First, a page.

“Thus says the Lord who made the earth, the Lord who formed it to establish it—the Lord is his name: Call to me and I will answer you, and will tell you great and hidden things that you have not known.”
In light of the recent Supreme Court ruling on DOMA, among other things going on in our country that are wicked and ungodly, I can’t help but think of John Knox, the great reformer of Scotland. Chiseled in the wall regarding Knox are the words: Un home avec Dieu est toujours dans la majorite, which means “One man with God is always in the majority.” These words were written of Knox concerning him as a man of prayer. That isn’t all the man is known for, but surely this is a wakeup call for the people of God to be a people of prayer. As Samuel Rutherford reminds us: “Grace withereth without adversity. The devil is but God’s master fencer to teach us to handle our weapons.” Our greatest weapon is prayer (Eph. 6:18). Let us learn to handle it well.
The Christian life is undoubtedly, among other things, one of endurance (Heb. 10:36). In Christ by grace through faith we have need of pressing on in Christ by grace through faith (Heb. 12:1). Our lives hidden in Jesus are continuously a matter of faith or believing the Word of God and clinging to it and hanging on or living by every Word that proceeds from the mouth of God (Dt. 8:3; Mt. 4:4). Our lives are in need of continual confession of sin and repentance and faith. Those justified by faith continue to live by faith. We are those who must continually think on our ways and turn our feet to the Lord and His ways (Ps. 119:59). Such a life is “hard” with suffering (Heb.10:32 ) and especially hard as a “struggle against sin” (Heb. 12:4) in which we must not grow weary (2 Thess. 3:13; Heb. 12:3). In fact, in many places God’s Word calls us to hold fast and stand firm as the children of God in a world hostile to us where we are exiles and strangers and pilgrims (Ps. 119:19, 54; 1 Peter 1:1; 2:11; Heb. 11:13-16). We live in a place that is not our home and that seeks to turn us away from our pursuit and new love and so we have need to remain steadfast and firm (Ex. 14:13; Ps. 119:51, 61; 1 Cor. 16:13; Gal. 5:1; Eph. 6:13; Phil. 4:11). Our sin within, the devil, and worldliness all strive hard against us to entangle us and weigh us down. Life in Christ by the Spirit unto the Father is a life of turning again and again to the Word and to prayer and the sacraments (in public worship) for the strengthening of our hearts by grace (Heb. 13:9). Otherwise we will not be able to stand firm in the grace of God (1 Peter 5:12) amidst enemies that seek to destroy and deceive and detain us in our pursuit of Godliness and Holiness unto the Lord. Standing firm in the faith is indeed a hard struggle for which we must put on the “armor of God” and carry our “sword” and look continually unto God in prayer (Eph. 6).
Interestingly, God has also given elders to the Church who are to “hold firm” (Titus 1:9) to the Word of God and thus provide stability for the sheep as those who know and believe and love and proclaim and defend the truth, the Word of God, in which the people of God are sanctified (Jn. 17:17) and enabled to stand fast and not grow weary. In other words, the Church is and is to be a pillar and buttress of truth where the saints are enabled to grow to maturity and not waver in the faith. Godly elders help us to hold fast our confession firm to the end.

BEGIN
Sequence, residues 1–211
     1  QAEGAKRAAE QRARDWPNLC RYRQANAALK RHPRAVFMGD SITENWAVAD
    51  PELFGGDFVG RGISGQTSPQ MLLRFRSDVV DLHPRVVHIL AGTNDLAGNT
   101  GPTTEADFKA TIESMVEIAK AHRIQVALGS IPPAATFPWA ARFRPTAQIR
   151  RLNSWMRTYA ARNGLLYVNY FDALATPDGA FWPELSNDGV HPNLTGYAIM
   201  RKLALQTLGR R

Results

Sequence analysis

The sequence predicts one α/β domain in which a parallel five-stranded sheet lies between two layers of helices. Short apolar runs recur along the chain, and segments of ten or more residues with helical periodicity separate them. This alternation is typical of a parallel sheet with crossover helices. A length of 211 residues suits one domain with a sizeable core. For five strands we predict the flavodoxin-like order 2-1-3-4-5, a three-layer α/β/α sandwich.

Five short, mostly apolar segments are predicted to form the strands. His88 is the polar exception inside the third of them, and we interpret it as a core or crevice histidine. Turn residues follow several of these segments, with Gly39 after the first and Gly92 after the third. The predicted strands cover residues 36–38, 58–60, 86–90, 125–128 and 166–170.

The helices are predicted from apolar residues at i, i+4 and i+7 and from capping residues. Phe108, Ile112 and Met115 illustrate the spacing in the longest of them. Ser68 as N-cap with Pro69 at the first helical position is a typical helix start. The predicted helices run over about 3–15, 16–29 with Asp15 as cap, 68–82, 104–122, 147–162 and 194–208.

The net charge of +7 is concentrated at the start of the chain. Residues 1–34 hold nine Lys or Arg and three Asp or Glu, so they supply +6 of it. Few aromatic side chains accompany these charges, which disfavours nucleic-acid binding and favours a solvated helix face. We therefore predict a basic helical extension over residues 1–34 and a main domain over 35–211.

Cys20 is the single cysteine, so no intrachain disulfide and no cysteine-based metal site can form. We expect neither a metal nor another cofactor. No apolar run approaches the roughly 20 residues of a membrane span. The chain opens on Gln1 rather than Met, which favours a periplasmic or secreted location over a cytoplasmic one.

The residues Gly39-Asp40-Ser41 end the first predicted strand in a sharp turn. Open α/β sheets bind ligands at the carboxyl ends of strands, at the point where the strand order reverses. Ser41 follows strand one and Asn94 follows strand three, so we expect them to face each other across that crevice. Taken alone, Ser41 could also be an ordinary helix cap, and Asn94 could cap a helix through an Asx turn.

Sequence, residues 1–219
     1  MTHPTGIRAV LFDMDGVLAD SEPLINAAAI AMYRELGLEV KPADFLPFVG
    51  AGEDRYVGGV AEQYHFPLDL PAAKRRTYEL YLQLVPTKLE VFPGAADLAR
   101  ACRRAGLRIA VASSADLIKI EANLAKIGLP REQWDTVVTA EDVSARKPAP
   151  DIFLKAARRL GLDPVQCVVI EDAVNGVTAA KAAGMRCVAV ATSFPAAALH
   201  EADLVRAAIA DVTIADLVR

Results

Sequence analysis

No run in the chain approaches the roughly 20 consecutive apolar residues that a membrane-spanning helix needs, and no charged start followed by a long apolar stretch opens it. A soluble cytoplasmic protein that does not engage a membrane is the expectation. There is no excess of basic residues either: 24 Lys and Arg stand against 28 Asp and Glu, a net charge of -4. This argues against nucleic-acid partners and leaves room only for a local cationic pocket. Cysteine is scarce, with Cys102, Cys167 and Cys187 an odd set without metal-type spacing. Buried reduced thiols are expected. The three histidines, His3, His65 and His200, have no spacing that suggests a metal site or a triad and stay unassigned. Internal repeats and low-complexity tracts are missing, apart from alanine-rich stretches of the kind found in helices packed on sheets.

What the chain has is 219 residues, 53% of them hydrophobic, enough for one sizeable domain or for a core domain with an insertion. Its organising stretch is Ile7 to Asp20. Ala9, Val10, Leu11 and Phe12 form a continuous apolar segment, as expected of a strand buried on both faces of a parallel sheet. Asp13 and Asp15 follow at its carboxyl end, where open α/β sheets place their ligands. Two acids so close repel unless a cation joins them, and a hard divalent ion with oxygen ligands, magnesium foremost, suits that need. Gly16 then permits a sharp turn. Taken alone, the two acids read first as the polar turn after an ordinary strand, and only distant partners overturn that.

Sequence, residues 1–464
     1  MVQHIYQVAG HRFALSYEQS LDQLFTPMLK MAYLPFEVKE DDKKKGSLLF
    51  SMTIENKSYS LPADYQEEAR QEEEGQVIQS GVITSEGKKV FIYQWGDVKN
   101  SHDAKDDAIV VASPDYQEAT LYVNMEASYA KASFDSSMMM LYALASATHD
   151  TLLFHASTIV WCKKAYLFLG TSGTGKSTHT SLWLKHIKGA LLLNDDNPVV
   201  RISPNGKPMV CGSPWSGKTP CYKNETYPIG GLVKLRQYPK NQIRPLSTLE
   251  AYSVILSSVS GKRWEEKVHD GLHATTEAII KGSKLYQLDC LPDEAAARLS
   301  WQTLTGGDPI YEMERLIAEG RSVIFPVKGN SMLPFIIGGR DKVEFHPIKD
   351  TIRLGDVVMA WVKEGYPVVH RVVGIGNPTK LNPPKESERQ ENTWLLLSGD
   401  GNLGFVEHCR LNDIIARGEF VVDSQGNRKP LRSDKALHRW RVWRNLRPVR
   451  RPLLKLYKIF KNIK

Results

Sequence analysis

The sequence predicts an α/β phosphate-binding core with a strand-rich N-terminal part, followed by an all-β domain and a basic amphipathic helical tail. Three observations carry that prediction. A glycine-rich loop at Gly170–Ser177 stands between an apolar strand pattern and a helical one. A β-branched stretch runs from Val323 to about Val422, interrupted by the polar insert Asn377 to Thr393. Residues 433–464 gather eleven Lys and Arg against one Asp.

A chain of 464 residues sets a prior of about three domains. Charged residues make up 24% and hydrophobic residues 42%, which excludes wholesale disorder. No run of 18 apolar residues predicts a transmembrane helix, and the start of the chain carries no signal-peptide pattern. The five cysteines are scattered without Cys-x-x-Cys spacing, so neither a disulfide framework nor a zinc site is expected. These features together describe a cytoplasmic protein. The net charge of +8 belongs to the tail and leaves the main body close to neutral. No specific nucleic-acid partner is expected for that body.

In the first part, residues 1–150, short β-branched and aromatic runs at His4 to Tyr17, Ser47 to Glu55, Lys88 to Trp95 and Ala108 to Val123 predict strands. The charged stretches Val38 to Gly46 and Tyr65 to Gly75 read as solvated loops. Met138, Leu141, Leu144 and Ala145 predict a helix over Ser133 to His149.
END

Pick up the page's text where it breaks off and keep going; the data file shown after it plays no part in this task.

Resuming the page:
The Spirit and the gifts are ours, the Father’s smile is upon us in Christ Jesus, and our Savior died and lives to save us to the uttermost. We have need of endurance in holding fast our confession (Heb. 4:14; 6:18; 10:23; Rev. 3:11). United to Christ, we have enemies that seek to undo us and entice us and weigh us down. But greater is He who is in us than He who is in the world. The fight against sin, the devil, and worldliness are indeed wearying. There might be times when we are ready to throw in the towel. In fact, we very much relate to the apostle Paul who considered it better to be at Home with the Lord than in this life of sin and misery where it is hard. But, like Paul, we leave our time in God’s wise and Fatherly hands. He has planted us here and bids us to keep our eyes fixed on Jesus and the glory to come. He promises us that He is with us and that His grace is sufficient. How do we keep going in this life and not grow weary? We must ever keep looking to Christ — backwards to the cross of Christ, upwards to the intercession of Christ, and forwards to the coming of Christ. We must attend to the means of grace since that is what God has ordained to strengthen or give life to our hearts for pressing onwards and upwards to the goal (Phil. 3:14). We will run the race with endurance only as we devote ourselves to the public gathering of God’s people on the Lord’s Day, to the private exercises of reading and meditating upon God’s Word and prayer. It is in this way that we walk by the Spirit and live in reliance upon Him, humbly waiting for and walking with our God in Christ Jesus.
And let us remember that this holding fast our confession of Christ and enduring in the midst of enemies is not joyless. We are not those who walk around in a perpetual sullen state; rather, we are those who rejoice in the Lord always. We are those who like Paul and Silas are able to pray and sing hymns to God even at midnight in a prison (Acts 1625; cf. Ps. 119:62) because our joy isn’t tied to our circumstances. We count it all joy and a privilege to suffer for Christ’s sake and in Christ. We don’t delight in our suffering and various trials but in our sovereign and loving Father who works all things together for our good. May the Lord teach us and give us what Jeremiah Burroughs calls the “rare jewel of Christian contentment” so that we might have that “sweet, inward, quiet, gracious frame of spirit, which freely submits to and delights in God’s wise and fatherly disposal in every condition.”